Tuesday, October 9, 2007

When Nothing Else Matters (Hardcover)

Category: Books
Genre: Biographies & Memoirs
Author: Michael Leahy

Published in 2004, author Michael Leahy shares his experiences during Michael Jordan's last comeback to the National Basketball Association.

Leahy's potrayal of Jordan showed a different side of the basketball legend which is not normally seen in the eyes of the public. Jordan, the "the most marketed player in the history of the NBA," was finally..."mortal" and did go through the same trials and tribulations (from a heightened perspective) that we all go through at some point in our lives. Leahy accounts the days wherein Jordan was at his best and would score 35 points over the span of several games to the days wherein he wasn't unstoppable and hit his career lows of 8 and 2 points respectively.

What stood out for me was Jordan's lambasting of players who didn't play up to his standards. Leahy quotes Jordan on numerous occasions wherein he would lambast teammates. Coach Fred "Tex" Winter, an assistant with the Los Angeles Lakers and former assistant coach with the Chicago Bulls summed it up best, "you either work hard or Michael has no use for you."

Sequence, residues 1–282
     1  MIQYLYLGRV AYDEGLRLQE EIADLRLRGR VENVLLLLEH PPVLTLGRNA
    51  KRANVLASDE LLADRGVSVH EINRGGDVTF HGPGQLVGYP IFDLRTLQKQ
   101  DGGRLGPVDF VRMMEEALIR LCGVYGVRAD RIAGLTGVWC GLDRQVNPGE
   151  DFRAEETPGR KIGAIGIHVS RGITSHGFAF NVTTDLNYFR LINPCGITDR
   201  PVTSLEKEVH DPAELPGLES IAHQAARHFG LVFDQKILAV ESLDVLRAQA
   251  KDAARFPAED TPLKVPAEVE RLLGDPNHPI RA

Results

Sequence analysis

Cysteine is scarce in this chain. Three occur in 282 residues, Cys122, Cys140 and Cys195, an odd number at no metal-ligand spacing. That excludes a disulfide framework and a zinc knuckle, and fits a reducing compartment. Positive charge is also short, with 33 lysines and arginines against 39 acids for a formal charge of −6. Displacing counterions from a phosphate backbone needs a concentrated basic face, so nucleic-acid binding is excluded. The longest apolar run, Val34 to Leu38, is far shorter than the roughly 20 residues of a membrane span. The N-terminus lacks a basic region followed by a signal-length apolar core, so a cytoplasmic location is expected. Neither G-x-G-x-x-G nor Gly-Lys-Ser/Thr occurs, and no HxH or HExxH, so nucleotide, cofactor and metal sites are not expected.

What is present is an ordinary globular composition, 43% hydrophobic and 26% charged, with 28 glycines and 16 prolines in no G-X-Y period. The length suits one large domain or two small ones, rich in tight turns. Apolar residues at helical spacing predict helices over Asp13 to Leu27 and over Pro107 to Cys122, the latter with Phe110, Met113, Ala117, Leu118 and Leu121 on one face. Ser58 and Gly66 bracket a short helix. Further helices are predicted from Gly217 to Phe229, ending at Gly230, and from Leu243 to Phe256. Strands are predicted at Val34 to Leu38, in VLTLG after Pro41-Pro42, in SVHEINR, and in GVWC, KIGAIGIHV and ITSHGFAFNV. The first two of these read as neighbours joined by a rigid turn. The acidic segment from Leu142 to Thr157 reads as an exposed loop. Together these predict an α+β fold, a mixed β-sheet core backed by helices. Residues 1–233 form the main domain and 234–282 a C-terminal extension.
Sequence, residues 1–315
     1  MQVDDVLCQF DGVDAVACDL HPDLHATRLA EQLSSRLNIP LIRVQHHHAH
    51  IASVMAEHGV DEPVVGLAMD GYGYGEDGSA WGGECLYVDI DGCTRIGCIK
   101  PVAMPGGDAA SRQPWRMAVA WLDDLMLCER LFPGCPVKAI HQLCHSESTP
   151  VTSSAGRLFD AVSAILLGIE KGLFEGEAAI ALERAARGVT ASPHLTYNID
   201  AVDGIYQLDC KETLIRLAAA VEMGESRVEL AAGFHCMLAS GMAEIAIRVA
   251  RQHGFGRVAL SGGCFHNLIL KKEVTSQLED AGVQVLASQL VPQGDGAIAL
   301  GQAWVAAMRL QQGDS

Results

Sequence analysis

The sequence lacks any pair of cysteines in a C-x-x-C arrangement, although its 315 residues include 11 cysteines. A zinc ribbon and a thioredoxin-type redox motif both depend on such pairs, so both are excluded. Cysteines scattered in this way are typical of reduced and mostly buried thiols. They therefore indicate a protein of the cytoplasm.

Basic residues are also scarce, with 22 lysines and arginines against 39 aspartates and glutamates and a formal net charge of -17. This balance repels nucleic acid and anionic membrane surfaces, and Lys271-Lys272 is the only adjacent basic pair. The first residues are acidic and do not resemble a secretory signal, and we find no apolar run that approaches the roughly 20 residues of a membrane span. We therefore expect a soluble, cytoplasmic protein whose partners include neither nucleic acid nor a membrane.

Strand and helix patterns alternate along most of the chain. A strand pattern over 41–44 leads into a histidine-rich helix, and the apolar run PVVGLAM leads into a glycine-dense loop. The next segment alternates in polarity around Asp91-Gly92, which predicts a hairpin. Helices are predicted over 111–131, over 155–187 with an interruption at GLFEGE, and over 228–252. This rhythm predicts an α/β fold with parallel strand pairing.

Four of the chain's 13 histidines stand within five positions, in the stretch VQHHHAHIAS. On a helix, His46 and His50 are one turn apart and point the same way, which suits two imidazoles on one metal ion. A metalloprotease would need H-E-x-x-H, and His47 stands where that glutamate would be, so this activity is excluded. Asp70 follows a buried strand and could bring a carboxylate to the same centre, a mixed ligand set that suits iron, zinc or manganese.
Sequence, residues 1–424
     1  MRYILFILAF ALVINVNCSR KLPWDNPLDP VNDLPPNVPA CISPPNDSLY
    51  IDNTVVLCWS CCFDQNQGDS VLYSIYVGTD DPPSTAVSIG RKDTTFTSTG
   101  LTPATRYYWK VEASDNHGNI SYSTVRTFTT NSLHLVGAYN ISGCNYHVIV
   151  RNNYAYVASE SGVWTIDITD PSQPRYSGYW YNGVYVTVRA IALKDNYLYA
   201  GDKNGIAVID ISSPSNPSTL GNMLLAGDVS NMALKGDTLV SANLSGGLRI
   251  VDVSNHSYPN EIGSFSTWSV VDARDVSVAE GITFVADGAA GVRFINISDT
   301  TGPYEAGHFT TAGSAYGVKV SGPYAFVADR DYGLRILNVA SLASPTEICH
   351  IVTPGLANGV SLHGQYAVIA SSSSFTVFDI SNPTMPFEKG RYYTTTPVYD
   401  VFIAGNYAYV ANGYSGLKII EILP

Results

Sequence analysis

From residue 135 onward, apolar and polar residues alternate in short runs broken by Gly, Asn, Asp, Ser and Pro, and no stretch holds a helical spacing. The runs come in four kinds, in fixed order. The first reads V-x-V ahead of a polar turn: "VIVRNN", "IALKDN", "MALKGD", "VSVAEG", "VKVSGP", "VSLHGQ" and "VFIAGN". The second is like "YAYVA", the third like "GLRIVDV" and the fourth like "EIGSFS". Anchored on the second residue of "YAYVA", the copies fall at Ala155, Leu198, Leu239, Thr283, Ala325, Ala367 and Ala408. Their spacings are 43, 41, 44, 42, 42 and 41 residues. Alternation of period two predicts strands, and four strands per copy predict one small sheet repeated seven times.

But the one paragraph in Leahy's entire book which rocked my very foundation of emulating Michael Jordan was the following:

"His people had held him up as a man to be emulated, making Jordan more than a half-billion in endorsement dollars in the process...he had raised the bar on his behavior during 17 years of unremitting self-promotion, in campaigns approved by the Jordan camp and coordinated by Nike and other corporate sponsors that elevated him from great athlete to hero and, finally, to moral symbol.

...when you present yourself as virtuous in years of ad campaigns and TV commercials, you will be fairly held in time to that standard. Fairly held because uou have sold your basketball shoes to people plunking down in excess of $100 not merely for a chance at better Ups but for a way to rub up against your aura, to feel a tiny sense of you in that admittedly silly way people feel when they wish to emulate anybody, to be inspired by your class and elegance, your morality and grace, as they've heard it told. And if some of that was artifice, then so, too, was everything you sold with your likeness on it."

Disturbing but quite true, personally, I have seen myself on many occasions wanting to "be like Mike." I've bought the shoes, worn the clothes, gotten the cards, read the books...and it is only now I realized. What about me? Leahy's book showed me that. In the years that I have been collecting "Jordan" in order to be inspired, all I needed to do in the end was look in the mirror in order to be inspired.

This is a great book that puts any not only Michael Jordan's life in perspective but also that of your own, especially if you are a Jordan fan who has collected his paraphernalia over the years.

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